Fake pilot license in deadly 737 crash?

MOSCOW — The Russian pilot who sent a Boeing 737 into a near-vertical dive, killing all 50 people on board, might have had a fake license, Russian investigators said Friday.

Investigative Committee spokesman Vladimir Markin said his team believes that some pilots working for small regional airlines in Russia have not been properly trained but managed to get fake licenses in centers certified by the country’s aviation agency.

Markin said the pilot who sent the Boeing 737 into a dive after an aborted first landing attempt in the city of Kazan had received his license from a small training center that has since been shut down.

His investigators were conducting searches at the aviation agency and elsewhere for documents relating to such centers. He did not give a specific number of centers his team considered questionable but at least two ones were shut down — where the captain and co-pilot of the crashed plane had trained.

No criminal charges have been filed yet in the Nov. 17 crash of the Tatarstan Airlines jet in Kazan, 720 kilometers (450 miles) east of Moscow. Industry experts say, however, that early results of the crash probe pointed at a pilot error possibly resulting from the crew’s insufficient skills in handling the plane.

Markin said the captain of the crashed jet, Rustem Salikhov, had previously served as a navigator and had allegedly been trained to fly Boeing planes.

“(But) investigators have certain doubts about whether the captain of the crashed Boeing had indeed received training there,” Markin said.

Russia’s federal aviation regulator, Rosaviatsiya, said it was investigating to check the legitimacy of all pilots’ licenses issued at the training center mentioned by Markin and at other similar facilities.

Agency chief Alexander Neradko said the centers had been created to help fill the shortage of pilots but acknowledged that some of them were later shut down because of flaws.

Soviet-made airliners typically had crews of four, including a navigator and a flight engineer in addition to two pilots, unlike the more computerized Western planes that long have switched to crews consisting of two pilots.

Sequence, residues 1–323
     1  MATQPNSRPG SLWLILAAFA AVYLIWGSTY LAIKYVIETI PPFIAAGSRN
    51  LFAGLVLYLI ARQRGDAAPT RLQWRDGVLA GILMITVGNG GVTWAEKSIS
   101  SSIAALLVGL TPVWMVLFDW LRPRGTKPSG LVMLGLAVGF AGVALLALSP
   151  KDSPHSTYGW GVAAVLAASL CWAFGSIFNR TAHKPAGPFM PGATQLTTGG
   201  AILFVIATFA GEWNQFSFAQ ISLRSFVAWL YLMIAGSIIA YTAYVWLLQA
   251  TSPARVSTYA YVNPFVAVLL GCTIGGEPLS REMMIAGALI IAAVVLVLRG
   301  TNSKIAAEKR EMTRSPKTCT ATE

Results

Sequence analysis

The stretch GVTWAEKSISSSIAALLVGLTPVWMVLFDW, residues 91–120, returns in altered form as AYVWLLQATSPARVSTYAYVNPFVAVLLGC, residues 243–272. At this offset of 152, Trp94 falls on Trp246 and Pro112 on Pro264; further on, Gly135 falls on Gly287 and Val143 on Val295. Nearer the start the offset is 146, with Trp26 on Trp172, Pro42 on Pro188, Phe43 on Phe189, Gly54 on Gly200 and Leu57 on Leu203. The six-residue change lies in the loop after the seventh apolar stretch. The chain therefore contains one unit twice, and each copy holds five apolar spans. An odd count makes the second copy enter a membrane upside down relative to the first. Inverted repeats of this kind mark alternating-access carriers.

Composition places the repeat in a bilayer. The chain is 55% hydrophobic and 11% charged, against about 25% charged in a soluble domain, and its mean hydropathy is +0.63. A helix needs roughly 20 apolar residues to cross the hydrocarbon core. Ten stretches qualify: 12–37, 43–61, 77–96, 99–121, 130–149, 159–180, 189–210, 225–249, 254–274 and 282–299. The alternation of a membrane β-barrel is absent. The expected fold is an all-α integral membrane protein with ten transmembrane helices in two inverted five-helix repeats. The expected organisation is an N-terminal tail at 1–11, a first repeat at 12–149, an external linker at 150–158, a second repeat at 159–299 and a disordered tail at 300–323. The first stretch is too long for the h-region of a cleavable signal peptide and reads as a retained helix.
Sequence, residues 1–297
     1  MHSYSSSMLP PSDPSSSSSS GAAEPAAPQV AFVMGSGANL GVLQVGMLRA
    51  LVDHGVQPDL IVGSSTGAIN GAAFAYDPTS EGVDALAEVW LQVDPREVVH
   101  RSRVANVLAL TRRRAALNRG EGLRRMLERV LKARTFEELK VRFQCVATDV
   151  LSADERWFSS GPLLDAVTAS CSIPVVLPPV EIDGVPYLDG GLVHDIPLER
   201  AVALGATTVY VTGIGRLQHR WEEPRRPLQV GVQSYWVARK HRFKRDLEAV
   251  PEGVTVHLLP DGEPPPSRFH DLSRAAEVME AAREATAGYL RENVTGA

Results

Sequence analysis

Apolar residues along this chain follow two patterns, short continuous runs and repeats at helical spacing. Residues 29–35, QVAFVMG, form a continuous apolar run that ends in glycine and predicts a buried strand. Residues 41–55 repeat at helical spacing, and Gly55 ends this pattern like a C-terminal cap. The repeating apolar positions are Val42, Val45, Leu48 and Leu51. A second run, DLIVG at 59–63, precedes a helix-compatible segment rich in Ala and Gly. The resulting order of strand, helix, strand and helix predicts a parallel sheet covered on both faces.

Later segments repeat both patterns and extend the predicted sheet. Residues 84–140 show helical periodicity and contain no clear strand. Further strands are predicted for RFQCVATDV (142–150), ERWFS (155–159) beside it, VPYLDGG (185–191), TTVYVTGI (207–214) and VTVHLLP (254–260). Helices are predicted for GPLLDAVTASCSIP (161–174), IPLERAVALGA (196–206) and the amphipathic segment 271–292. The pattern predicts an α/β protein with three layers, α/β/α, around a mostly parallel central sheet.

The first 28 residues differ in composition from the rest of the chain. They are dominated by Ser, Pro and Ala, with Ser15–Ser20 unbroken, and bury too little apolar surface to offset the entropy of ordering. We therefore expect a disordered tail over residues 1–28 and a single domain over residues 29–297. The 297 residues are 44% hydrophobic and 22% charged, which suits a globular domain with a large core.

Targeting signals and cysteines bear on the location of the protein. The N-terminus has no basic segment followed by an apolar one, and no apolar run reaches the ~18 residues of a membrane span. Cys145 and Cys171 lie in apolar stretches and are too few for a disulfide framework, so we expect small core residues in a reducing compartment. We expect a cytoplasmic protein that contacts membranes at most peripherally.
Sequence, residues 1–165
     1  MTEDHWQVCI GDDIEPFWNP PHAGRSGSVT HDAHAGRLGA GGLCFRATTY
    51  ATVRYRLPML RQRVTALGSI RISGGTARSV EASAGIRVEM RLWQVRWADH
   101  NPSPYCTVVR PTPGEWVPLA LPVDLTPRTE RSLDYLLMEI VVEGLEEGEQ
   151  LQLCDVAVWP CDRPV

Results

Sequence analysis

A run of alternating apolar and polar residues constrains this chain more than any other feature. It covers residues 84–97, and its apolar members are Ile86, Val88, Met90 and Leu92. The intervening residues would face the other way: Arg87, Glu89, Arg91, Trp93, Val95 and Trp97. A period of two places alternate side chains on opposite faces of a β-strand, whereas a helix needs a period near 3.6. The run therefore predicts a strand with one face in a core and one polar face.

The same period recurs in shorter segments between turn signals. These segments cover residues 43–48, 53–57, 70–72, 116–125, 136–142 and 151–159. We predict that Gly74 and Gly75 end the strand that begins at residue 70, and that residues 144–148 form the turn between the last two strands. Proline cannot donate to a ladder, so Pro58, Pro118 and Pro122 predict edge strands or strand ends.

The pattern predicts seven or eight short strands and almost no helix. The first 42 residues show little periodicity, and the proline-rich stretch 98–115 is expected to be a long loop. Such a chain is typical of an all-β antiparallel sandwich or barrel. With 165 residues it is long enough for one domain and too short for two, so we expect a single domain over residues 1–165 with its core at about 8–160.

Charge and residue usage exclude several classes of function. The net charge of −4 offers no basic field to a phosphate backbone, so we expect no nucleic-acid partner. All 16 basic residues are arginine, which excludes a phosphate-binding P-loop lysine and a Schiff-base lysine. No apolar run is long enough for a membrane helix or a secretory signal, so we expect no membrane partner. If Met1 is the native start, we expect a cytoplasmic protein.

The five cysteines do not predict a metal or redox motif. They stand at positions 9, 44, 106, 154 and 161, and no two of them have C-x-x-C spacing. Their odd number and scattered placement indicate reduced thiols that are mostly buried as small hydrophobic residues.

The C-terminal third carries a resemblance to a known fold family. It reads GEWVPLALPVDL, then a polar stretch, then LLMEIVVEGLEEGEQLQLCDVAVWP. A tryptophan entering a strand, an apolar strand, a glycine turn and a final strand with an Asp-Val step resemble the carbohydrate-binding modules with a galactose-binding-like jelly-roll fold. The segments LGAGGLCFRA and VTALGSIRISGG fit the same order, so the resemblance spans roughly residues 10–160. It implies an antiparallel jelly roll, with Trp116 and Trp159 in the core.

Russia began to experience a severe shortage of flight personnel in recent years as veteran crew retired and the number of passengers swelled thanks to an oil-driven economic growth.

At the same time, an increasing number of Russian carriers dropped Soviet-made Tupolev and Ilyushin planes, opting for more fuel-efficient yet complicated Boeings and Airbuses.

To help ease the crew shortage, aviation officials set up centers to train navigators and flight engineers to serve as pilots of Western-made planes. Critics said that carriers often sought to cut corners on training in the run for profits.

The Moscow-based Interstate Aviation Committee, which investigates plane crashes across the former Soviet Union, have concluded that the crew failed to land on their first attempt, brought the plane into a steep climb that caused it to stall, then fatally overcompensated.

The report was based on the data retrieved from the plane’s flight data recorder, which also showed that its engines and other systems were working fine until the plane slammed into the ground.

Investigators have yet to release data from the cockpit conversation recorder.

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